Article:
Another surprise is that Medicare doesn't cover everything. You'll need to pay for things like deductibles, copays for doctor visits, and coinsurance for X-rays, hospital stays, or medically necessary surgeries—and there's no out-of-pocket maximum. Medicare also doesn't pay for things like prescription drugs, vision, dental, and long-term care. How you'll manage these costs is another important Medicare decision. Fortunately, you have choices.
There are two main ways to get additional coverage to handle extra expenses:
- Medigap plus Medicare Part D: These are supplemental policies offered through private insurance companies. A Medigap policy helps cover out-of-pocket costs for Medicare-covered expenses like copayments, deductibles, and coinsurance. There are 10 standardized plans. Premiums and out-of-pocket expenses depend on the type of plan and insurance provider. And, as long as the doctor or hospital accepts Medicare, your Medigap policy can generally be used anywhere in the U.S.
Medicare Part D offers prescription drug coverage. Again, premiums vary by policy and provider, and like Part B premiums, if you have a higher income you should expect to pay more. Unless you have other drug coverage, say through an employer, it's important to sign up for Part D when you first enroll in Medicare to avoid a late enrollment penalty.
- Medicare Advantage: Sometimes called Medicare Part C or an MA plan, Medicare Advantage is an alternative to Original Medicare that you can choose when you enroll. It's offered through private insurance companies approved by Medicare and covers all services that Parts A and B offer. It often includes additional benefits like dental care, eyeglasses, wellness programs, and usually drug coverage. Premiums for MA plans may be lower than for Medigap and Part D, but frequently there are network restrictions, meaning you'll likely be more limited in your choice of doctors and providers. You also may have to go through a primary care physician to see a specialist. You can see providers outside the network, but it will cost more.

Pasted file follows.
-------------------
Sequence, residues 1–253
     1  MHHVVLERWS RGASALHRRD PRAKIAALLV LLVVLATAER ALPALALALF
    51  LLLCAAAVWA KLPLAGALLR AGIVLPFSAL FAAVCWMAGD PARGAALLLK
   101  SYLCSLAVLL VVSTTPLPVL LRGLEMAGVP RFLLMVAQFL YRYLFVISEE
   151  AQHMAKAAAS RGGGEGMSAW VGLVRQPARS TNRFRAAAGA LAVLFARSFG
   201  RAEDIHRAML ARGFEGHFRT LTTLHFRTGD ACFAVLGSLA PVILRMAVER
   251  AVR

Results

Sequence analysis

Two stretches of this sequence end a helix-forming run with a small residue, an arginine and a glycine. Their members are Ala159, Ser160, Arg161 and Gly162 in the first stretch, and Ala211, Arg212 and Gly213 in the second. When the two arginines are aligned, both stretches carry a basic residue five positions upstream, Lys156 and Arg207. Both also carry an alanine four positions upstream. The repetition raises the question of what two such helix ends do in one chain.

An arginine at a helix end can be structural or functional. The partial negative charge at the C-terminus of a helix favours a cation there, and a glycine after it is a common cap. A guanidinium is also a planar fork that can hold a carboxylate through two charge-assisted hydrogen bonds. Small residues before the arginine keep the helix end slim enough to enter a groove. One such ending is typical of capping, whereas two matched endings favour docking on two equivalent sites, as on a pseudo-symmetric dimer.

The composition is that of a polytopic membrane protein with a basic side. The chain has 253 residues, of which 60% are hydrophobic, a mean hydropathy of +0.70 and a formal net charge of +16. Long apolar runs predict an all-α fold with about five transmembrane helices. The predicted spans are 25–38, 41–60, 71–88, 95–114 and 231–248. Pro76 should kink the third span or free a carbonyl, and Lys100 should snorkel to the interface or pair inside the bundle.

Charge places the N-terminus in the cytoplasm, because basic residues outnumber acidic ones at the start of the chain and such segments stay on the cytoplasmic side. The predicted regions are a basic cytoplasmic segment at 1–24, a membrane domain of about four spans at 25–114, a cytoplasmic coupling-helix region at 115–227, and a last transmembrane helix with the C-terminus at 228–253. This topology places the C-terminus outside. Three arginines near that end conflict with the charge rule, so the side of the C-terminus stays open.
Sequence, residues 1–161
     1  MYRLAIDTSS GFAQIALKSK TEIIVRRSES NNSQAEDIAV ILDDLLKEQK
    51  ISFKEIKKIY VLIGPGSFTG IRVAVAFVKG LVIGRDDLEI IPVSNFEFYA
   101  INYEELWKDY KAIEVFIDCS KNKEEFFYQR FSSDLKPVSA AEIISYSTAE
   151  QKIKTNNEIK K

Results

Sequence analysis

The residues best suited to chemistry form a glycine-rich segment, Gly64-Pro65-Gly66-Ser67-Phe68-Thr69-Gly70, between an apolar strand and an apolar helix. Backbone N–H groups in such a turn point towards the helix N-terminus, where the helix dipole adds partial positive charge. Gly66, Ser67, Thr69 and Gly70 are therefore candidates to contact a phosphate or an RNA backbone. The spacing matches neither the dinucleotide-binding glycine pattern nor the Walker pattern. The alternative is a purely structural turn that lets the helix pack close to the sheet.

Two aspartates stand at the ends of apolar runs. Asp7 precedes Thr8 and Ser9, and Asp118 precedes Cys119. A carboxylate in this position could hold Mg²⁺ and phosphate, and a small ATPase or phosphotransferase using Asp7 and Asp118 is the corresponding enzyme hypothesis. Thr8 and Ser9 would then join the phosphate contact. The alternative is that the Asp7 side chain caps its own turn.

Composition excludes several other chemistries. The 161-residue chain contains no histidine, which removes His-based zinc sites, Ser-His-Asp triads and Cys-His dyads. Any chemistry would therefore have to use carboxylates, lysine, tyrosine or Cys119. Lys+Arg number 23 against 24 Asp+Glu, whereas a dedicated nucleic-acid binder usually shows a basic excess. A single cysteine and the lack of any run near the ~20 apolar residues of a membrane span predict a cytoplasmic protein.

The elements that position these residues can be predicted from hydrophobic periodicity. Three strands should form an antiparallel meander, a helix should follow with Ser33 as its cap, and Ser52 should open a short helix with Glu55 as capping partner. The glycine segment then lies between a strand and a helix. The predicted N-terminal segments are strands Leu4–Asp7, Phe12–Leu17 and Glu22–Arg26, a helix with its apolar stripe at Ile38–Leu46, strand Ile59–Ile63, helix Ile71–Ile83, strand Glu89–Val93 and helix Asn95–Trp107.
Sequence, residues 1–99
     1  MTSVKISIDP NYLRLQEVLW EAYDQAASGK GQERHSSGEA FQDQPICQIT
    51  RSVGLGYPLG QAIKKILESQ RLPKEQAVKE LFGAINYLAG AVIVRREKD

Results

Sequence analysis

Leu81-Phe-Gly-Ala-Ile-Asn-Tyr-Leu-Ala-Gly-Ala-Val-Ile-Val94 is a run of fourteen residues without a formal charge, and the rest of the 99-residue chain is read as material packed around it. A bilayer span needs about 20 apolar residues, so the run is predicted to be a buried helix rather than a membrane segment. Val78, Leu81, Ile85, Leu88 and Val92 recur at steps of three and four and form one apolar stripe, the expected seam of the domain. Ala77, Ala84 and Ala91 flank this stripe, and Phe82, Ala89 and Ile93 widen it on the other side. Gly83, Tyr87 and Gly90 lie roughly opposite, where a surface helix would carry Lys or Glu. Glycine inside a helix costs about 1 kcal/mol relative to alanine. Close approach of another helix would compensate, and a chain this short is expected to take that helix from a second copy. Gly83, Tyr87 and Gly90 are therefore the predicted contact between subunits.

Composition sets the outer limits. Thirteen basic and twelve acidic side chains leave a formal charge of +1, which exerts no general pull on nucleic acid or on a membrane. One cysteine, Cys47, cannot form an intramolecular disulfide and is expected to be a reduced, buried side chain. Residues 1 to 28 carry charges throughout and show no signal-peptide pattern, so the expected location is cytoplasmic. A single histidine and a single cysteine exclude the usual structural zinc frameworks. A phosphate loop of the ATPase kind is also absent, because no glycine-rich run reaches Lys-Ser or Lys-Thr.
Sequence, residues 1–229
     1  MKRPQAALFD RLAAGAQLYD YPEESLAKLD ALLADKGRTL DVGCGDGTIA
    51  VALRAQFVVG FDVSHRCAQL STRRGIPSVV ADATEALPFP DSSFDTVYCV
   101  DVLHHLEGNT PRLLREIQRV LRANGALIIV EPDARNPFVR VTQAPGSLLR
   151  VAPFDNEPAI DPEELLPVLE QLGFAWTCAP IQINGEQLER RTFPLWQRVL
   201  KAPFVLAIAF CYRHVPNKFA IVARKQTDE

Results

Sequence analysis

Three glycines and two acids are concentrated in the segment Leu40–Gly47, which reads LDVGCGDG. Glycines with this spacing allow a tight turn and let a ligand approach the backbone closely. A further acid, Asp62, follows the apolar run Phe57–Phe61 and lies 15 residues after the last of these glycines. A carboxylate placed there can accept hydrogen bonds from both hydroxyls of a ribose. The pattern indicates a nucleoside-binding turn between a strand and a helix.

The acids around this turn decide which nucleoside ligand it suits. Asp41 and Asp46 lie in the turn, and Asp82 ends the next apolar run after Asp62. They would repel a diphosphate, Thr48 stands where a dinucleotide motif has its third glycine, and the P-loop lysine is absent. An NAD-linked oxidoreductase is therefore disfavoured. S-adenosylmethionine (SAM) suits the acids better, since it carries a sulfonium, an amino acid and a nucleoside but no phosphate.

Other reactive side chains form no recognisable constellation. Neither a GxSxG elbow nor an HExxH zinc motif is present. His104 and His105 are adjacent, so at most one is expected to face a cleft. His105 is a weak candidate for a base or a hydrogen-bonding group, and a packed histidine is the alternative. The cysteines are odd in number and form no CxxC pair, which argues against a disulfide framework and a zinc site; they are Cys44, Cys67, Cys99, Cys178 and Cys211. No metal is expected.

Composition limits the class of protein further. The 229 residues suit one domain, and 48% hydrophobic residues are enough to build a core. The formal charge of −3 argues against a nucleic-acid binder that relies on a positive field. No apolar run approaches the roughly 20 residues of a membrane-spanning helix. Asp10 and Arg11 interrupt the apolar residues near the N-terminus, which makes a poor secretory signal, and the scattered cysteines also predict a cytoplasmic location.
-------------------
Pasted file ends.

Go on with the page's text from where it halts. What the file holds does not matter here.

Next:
With Medicare Advantage, you must choose a specific plan when you enroll, so make sure to check and compare available providers and facilities in your area, as well as plan costs such as premiums and copayments. You can do this at Medicare.gov.
4. Review annually.
I wish I could say once you've made these decisions, you're done. But over time things can change—your health, your needs, and your finances. The same goes for health plans, especially MA and Part D where your coverage and out-of-pocket costs can change year-over-year. I encourage you to review your Medicare choices annually. Again, there are specific windows when you can make changes. The annual open enrollment period during which you can change MA and Part D plans is October 15 to December 7.
Give yourself time.
As I said to my friend, it's important to take the time to research and get answers before you enroll. Sure, there's a lot to understand, but think of it this way: how much time do you spend researching a vacation? Doesn't healthcare for your retirement years deserve the same kind of thoughtful planning?
And you don't have to do it alone. Talk with a knowledgeable financial planner to discuss questions you may have. Review the Medicare & You handbook. Check out the State Health Insurance Assistance Program.Talk to a local insurance agent specializing in Medicare. It will be worth the effort. With your major Medicare decisions behind you, you can really enjoy your 65th birthday—and all the birthdays to come.